When individuals receive notice that their disability claim is suddenly being reviewed, and/or are being requested to attend an independent medical exam, confusion and fear sometimes occurs. While it is something you should not ignore, it does not mean that the claim will be denied or that your benefits will be disrupted. An independent medical examination can be an opportunity for you to provide important, relevant information to the LTD provider. This right to a medical exam emanates from a provision in the insurance policy with the insurance company.

Bear in mind that the idea that this is an “independent” examination is a misnomer. It is the LTD carrier that is deciding on the doctor to perform the exam, providing the questions to be answered by the doctor and paying the doctor. Often, a natural conservative bias results in conservative medical reports. With this in mind, here are some important steps that you can take to ensure a smooth process.

From a convenience viewpoint, initially confirm that the provider is within a reasonable distance to your location to attend the examination. “Reasonable” for purposes of an independent medical examination does not have a precise definition, but if it is more than 75 miles away from you, and traveling that far presents a challenge, you can ask to be provided with a consult closer to your home. The LTD carrier may fight about this, but with diligence, they usually can be convinced to find a closer consultative physician. Once there is an agreed upon provider, you need to confirm the date, time and location of the examination with the doctor performing the consultation. If you know you will not be available, do not delay, immediately contact the provider and the LTD carrier and request to reschedule the examination.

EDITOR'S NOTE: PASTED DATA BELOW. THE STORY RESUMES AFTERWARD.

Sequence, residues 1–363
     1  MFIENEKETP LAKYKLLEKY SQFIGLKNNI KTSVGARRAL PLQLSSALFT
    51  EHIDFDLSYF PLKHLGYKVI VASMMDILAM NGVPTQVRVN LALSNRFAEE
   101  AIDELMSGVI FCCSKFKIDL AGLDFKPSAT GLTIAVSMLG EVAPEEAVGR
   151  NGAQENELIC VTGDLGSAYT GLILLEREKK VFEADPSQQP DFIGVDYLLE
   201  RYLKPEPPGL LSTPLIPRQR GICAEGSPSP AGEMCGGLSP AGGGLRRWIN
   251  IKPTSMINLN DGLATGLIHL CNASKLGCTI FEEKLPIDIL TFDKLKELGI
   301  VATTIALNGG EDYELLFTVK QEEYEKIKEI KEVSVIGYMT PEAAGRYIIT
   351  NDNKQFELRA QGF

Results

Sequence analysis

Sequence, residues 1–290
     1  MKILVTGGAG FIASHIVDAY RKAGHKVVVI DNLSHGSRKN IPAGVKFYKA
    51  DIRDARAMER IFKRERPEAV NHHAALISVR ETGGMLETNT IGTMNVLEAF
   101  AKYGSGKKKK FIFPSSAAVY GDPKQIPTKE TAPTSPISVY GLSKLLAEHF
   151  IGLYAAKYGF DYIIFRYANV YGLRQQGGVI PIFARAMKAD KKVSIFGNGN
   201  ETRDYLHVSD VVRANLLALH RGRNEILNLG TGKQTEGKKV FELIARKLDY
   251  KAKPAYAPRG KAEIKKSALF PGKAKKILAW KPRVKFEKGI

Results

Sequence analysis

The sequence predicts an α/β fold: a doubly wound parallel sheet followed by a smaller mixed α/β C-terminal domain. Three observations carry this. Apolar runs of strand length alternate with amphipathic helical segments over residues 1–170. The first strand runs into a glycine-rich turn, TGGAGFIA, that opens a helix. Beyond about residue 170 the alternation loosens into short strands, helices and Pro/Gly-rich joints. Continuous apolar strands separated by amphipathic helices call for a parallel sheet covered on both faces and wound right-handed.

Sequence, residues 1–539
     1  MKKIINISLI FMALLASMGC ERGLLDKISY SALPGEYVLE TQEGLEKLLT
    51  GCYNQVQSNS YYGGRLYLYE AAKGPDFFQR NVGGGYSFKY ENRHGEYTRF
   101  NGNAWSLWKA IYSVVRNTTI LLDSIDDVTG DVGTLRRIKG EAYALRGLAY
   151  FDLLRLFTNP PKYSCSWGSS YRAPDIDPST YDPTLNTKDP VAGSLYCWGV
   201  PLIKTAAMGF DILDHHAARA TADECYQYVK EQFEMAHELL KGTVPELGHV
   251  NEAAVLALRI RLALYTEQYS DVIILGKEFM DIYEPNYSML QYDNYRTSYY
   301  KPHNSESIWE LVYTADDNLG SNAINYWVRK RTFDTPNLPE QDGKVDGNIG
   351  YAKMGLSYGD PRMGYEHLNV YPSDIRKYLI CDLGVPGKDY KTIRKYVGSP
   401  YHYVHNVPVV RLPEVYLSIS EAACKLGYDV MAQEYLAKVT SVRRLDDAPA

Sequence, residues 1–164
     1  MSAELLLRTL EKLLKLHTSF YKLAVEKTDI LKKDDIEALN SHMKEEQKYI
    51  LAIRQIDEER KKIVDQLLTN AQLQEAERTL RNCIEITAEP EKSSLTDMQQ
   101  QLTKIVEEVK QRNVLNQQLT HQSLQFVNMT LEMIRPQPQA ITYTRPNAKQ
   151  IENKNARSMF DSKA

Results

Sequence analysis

Clients frequently ask, “What should I know about this exam?” There are several things to be aware of. LTD carriers will often schedule surveillance of the claimant to occur the day before, the day of and the day after an IME as they are basically guaranteed to obtain footage of the claimant leaving their home. Therefore, you should treat this period of time as a prime opportunity to demonstrate your abilities and limitations. While you should always be operating within your restrictions, it is particularly important not to take any unnecessary risks or push outside of your limits during this window of time. Similarly, the day of the examination, and even before, you should presume that you are being observed from the moment you enter the parking lot of the building where the exam occurs, until the moment your vehicle leaves that same parking lot after the examination is over. This means that you may be observed in terms of how you exit your vehicle, whether you drove yourself, if you required a cane or walker to get from your car to the door of the building, etc. While in the waiting room, you can also assume that you are being observed. Consultative examination reports will often discuss whether a person was particularly social or loud while awaiting the exam, whether they were able to sit comfortably or were observed to be in pain, whether they had to leave frequently to use the restroom, etc. all before the actual examination ever starts. Once you are in the examination room, the assistant to the physician performing the exam and the actual physician will observe not only what you say and the clinical findings, but also your efforts, your demeanor and your physical abilities during the exam (i.e. did you have difficulty rising from a seated position, getting on and off the examination table, putting on and taking off your shoes, etc.).